3. A pressurized shock absorber assembly comprising an elongated pressure cylinder adapted to contain preselected quantities of hydraulic fluid and a compressible gas,
a piston reciprocably mounted within said pressure cylinder and including valve means for damping reciprocable movement of said piston,
a volume of hydraulic damping fluid within said cylinder cooperable with said valve means,
a quantity of gas within one end of said cylinder and defining a gas-fluid interface with said fluid,
a closure member closing one end of said cylinder,
a piston rod extending through said closure member and being coaxially disposed within one end of said cylinder,
said piston rod being connected to and reciprocable with said piston, and
a helical baffle member located in the opposite end of said cylinder from said piston rod and being partially submerged within said quantity of fluid for preventing aeration of said fluid upon reciprocal movement of said piston and piston rod,
said baffle member extending radially of said cylinder so as to have the outer periphery of the convolutions thereof engageable with the inner periphery of said cylinder, with said member comprising the sole element between said piston and said end of said cylinder within which said quantity of gas is located.
4. A pressurized shock absorber assembly comprising a generally vertically disposed pressure cylinder,
a piston reciprocably mounted within said pressure cylinder and including valve means,
said valve means including at least one axially extending flow port formed in said piston for communicating fluid from one side of said piston to the opposite side thereof upon reciprocation of said piston within said cylinder,
a volume of hydraulic damping fluid within the lower end of said cylinder cooperable with said valve means for damping reciprocable movement of said piston,
a quantity of gas within the upper end of said cylinder and defining a gas-fluid interface at the uppermost part of said fluid and the lowermost part of said gas,
a closure member closing the lower end of said cylinder,
a piston rod extending upwardly through said closure member connected to the lower side of said piston, and
a helical baffle member disposed within the upper end of said cylinder and located on the opposite side of said piston from said piston rod,
said baffle member extending axially through said gas-fluid interface and generally radially within said cylinder and having a portion of the lower end thereof disposed in substantial axial alignment with said flow port in said piston so as to at least partially block the flow of fluid passing upwardly through said flow port into the upper end of said cylinder upon downward movement of said piston therein, said baffle member extending radially of said cylinder so as to have the outer periphery of the convolutions thereof engageable with the inner periphery of said cylinder, with said member comprising the sole element between said piston and said end of said cylinder within which said quantity of gas is located, whereby to reduce the aeration of said fluid.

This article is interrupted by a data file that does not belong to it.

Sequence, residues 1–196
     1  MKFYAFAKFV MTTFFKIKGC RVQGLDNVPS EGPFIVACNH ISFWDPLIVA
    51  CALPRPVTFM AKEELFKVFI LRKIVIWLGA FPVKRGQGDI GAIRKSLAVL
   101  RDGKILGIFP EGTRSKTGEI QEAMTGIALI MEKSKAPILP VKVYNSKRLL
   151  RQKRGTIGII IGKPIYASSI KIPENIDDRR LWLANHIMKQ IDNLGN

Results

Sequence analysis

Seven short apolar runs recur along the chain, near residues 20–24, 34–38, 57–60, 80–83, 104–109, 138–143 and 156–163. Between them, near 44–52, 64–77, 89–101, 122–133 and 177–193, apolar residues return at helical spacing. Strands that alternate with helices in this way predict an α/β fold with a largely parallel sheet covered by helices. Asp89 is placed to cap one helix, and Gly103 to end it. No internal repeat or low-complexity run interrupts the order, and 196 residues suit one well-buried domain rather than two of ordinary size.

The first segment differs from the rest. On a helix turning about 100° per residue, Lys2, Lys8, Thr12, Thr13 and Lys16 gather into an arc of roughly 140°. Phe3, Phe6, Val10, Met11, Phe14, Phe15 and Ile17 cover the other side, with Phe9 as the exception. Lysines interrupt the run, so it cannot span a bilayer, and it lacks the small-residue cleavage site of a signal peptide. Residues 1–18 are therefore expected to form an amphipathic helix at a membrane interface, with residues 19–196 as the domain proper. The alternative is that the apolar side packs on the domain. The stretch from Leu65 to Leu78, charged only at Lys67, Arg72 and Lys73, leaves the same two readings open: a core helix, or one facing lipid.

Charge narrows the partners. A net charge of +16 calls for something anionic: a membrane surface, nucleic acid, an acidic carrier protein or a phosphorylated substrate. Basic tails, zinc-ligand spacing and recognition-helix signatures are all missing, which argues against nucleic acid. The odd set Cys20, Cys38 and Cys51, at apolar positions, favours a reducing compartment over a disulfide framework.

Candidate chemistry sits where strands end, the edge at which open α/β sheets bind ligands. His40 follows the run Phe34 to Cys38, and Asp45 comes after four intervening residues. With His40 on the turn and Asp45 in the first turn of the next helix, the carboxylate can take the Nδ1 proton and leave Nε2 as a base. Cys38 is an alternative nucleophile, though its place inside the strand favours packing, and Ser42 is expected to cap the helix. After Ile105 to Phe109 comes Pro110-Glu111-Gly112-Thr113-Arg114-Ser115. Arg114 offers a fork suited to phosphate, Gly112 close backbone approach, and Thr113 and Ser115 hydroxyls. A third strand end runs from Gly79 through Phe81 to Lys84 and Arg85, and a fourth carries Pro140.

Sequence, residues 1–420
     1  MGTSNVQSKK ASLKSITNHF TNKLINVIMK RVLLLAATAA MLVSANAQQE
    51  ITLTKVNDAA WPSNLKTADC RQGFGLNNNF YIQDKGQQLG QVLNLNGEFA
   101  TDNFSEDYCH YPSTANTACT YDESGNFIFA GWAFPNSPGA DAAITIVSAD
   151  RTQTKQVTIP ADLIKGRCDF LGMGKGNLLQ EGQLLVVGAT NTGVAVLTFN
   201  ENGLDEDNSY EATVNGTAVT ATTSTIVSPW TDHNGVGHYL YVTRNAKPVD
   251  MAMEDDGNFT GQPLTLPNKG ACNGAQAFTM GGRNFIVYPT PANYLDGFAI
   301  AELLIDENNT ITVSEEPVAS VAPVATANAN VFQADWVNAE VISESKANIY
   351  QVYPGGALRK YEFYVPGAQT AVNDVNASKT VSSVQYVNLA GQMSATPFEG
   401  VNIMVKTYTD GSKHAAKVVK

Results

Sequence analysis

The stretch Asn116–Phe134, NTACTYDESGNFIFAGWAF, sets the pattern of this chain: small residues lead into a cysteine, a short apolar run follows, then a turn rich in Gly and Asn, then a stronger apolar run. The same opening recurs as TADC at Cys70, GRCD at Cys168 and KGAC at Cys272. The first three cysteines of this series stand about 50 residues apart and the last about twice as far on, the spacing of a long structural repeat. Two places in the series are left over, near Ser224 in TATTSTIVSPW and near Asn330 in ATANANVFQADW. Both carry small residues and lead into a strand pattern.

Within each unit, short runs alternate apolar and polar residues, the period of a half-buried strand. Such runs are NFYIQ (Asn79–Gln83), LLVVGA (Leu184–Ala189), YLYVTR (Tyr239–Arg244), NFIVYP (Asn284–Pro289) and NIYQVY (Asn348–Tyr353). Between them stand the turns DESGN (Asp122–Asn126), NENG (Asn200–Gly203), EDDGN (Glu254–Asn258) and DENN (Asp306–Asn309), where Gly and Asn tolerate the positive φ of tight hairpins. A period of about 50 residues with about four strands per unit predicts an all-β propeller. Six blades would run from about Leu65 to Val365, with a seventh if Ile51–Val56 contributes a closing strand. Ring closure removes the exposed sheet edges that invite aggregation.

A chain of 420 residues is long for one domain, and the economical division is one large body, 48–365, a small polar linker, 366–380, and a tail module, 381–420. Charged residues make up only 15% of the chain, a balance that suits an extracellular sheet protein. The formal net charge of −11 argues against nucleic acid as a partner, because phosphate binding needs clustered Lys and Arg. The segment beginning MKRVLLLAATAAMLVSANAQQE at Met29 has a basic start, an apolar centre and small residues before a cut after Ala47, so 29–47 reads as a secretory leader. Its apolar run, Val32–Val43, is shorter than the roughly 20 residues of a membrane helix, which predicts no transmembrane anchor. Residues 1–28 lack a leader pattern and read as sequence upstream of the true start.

Description

This is a continuation of application Ser. No. 307,783 filed Nov. 20, 1972.

SUMMARY OF THE INVENTION

The present invention relates generally to shock absorbers of the type used on automotive vehicles and the like for damping relative movement between the sprung and unsprung portions thereof. The shock absorber of the present invention is designed to have the interior thereof provided with a preselected quantity of hydraulic damping fluid and with a preselected quantity of a pressurized gas which cooperate with one another to damping reciprocal movement of a valved piston located within the pressure cylinder. The piston is provided with a new and improved valving arrangement which provides for interchangeability of the valve elements of the compression and rebound control valves thereof, which valves are located on the piston and are adapted to cooperate with a novel baffle arrangement which is disposed within one end of the pressure cylinder for preventing foaming or aeration of the hydraulic fluid which is undesirable since it prevents positive damping. The piston is connected to one end of a piston rod which extends axially outwardly from one end of the cylinder and is supported for longitudinal reciprocal movement by means of a rod guide assembly located at one end of the cylinder. The piston rod carries an elongated cylindrical dirt shield member which is arranged coaxially of the pressure cylinder and is adapted to be secured to the piston rod in a manner so as to minimize the overall size of the shock absorber and provide for economy of production and pleasant appearance of the shock absorber. The rod guide assembly is provided with a novel sealing arrangement which provides for fluid tight lowfriction peripheral engagement with the outer periphery of the piston rod and is adapted to be operatively mounted within one end of the pressure cylinder in a manner so as to minimize to the extreme, the time and effort required in charging the interior of the cylinder with the aforesaid pressurized gas.